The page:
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Researchers from University of Delhi and Indian Institute of Science Education and Research (IISER) in Kolkata and Bhopal have reported the rare discovery of hundreds of titanosaur eggs and dinosaur nests in the Narmada Valley in Madhya Pradesh.
The findings of the study were published in PLOS One research journal in January 2023.
Peninsular India is already well-known for fossils of dinosaur eggs. The first dinosaur-related discovery from the area was reported in 1828 when Captain William Henry Sleeman found dinosaur bones near Jabalpur.
Field investigations carried out between 2017 and 2020 found extensive hatcheries of dinosaurs in Bagh and Kushi district areas of Madhya Pradesh’s Dhar district, especially in villages Akhada, Dholiya Raipuriya, Jhaba, Jamniapura, and Padlya. Data included nest type, number of eggs, the diameter of eggs, egg shape, egg type, and pathology of egg clutches. Fossilised eggshells, specimens of host rocks of some of the egg clutches, and data on their sedimentological characteristics were also collected and recorded during the field investigations.
A total of 92 clutches (eggs laid in one nesting attempt) were documented from the five villages mentioned above. The intact clutches, isolated eggs, and eggshells found during field observations reported in the study have been assigned to the herbivorous titanosaurs. The fossilised dinosaur eggs observed belonged to six different species, showcasing high diversity in Indian sauropod community.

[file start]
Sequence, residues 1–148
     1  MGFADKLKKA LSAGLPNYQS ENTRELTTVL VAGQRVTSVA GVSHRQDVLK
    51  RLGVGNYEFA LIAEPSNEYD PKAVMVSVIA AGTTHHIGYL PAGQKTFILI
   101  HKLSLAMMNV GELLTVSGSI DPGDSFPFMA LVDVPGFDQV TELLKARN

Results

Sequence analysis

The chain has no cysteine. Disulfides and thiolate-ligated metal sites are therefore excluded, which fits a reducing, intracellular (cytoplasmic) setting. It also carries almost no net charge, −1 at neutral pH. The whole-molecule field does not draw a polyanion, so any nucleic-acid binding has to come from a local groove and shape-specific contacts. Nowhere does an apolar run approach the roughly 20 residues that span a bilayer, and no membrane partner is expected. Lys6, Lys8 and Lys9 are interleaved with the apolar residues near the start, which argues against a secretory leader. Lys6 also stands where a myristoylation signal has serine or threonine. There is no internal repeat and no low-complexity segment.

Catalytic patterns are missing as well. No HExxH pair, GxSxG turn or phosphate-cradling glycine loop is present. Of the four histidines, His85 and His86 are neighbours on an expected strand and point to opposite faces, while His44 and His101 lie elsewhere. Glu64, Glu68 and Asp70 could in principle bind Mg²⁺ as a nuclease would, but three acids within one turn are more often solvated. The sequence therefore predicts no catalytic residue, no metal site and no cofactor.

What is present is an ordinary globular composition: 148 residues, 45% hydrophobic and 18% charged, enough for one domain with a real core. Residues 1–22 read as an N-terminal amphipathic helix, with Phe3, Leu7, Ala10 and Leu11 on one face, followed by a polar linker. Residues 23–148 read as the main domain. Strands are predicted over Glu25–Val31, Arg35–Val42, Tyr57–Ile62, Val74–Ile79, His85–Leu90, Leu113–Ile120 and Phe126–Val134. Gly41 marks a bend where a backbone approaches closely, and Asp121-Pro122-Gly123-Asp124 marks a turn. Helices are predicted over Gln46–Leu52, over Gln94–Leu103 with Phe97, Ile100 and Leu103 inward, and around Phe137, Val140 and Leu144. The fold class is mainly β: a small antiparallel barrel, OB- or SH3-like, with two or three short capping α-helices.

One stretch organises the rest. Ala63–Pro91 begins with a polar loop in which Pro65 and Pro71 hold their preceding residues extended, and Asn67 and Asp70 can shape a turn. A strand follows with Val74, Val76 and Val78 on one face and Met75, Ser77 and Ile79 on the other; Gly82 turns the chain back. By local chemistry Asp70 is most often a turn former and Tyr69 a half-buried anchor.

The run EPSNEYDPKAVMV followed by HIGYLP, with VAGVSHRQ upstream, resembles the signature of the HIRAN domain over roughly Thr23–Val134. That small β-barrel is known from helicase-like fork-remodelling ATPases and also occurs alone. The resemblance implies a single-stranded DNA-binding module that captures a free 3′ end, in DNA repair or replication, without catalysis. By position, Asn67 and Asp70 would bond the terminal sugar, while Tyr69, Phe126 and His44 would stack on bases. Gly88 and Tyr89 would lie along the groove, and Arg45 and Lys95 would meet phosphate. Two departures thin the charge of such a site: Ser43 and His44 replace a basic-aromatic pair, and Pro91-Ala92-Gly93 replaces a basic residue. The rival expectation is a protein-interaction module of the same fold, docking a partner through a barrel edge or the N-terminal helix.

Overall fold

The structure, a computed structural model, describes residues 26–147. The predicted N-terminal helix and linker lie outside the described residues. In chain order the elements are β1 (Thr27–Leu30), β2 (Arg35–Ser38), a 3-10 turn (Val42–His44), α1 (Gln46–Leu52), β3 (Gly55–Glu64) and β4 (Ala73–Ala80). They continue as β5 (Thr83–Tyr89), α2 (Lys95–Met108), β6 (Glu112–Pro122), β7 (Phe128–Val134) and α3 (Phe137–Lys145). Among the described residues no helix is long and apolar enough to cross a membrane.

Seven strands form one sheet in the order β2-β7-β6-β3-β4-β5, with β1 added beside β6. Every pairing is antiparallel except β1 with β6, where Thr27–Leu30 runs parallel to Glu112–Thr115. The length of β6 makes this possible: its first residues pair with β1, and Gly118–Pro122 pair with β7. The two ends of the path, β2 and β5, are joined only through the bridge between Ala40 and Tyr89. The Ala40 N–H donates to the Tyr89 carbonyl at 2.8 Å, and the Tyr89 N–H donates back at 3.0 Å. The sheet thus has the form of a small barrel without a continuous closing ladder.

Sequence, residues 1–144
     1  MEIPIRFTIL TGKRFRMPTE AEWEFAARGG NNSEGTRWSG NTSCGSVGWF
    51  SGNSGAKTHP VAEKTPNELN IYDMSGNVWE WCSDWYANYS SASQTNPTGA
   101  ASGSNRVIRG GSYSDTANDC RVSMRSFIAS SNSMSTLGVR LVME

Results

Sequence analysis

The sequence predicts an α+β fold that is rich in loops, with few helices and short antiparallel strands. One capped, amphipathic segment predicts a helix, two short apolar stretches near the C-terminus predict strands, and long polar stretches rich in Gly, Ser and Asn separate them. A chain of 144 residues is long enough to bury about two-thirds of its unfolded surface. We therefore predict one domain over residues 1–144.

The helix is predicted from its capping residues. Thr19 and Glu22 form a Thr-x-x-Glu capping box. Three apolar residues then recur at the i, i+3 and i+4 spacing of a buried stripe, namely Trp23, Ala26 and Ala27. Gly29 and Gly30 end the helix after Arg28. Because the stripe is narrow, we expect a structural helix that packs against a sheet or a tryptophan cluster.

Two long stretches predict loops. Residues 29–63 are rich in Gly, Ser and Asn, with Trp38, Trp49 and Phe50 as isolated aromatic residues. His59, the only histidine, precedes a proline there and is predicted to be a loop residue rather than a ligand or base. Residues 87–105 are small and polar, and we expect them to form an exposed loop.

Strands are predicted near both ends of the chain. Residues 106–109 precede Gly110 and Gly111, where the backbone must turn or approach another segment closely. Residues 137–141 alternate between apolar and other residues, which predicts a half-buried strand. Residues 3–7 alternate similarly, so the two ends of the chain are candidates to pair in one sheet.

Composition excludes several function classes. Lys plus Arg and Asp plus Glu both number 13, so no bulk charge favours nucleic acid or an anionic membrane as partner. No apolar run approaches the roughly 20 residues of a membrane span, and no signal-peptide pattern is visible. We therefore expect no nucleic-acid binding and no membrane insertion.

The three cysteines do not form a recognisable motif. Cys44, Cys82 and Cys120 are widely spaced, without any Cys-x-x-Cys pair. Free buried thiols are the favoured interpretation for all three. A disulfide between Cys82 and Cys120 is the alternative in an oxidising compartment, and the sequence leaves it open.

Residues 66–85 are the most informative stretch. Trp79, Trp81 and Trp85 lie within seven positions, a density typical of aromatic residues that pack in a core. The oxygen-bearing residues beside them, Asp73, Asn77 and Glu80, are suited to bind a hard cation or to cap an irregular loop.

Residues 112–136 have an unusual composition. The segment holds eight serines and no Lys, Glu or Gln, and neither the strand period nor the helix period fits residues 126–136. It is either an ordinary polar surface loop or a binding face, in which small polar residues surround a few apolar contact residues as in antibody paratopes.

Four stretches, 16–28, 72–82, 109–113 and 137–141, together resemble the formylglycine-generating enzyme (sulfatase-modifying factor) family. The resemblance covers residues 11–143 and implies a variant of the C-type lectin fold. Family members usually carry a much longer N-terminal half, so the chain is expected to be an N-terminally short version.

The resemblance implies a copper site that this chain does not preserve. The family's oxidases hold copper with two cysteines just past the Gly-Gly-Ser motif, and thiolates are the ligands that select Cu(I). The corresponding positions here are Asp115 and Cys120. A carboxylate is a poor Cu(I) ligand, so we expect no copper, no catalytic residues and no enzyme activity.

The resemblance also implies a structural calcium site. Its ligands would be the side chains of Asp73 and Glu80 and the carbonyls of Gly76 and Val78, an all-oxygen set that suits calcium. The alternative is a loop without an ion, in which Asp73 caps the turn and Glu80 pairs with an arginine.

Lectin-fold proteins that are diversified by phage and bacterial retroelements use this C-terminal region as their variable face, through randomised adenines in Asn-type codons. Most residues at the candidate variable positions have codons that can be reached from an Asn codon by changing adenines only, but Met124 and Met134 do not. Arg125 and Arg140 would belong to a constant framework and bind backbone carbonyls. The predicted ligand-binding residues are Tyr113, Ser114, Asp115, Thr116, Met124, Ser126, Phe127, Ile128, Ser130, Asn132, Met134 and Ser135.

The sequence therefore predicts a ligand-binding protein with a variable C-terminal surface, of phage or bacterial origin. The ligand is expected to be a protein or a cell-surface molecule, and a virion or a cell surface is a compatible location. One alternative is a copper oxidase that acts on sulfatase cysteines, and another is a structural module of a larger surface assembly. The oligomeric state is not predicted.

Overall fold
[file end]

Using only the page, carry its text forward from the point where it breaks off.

The eggs were laid in soft, marshy lands associated with small lakes or ponds. Some of these clutches would possibly get submerged in water, thus remaining unhatched, and fossilising over time. Overall, number of hatched eggs was greater than the unhatched eggs – fewer clutches are observed near the water bodies while most were away, and hence, hatched.
Titanosaur species observed in the area under study adopted “colonial nesting behaviour”, which is evident from the closely-spaced and abundant clutches. Findings also indicate towards lack of parental care in the observed species, as the size difference between juvenile and parent dinosaur is enormous and clutches are closely spaced. Observations support that titanosaurs were born as independent offspring who could feed themselves and move around independently soon after the eggs hatched.
Field observations found no osteological remains of either the embryo or the juvenile and parent dinosaurs in the area. This shows the possibility that the dinosaurs did not live where they laid their eggs. However, it is also possible that fossilised bones are still unexposed or removed by erosion over the centuries.
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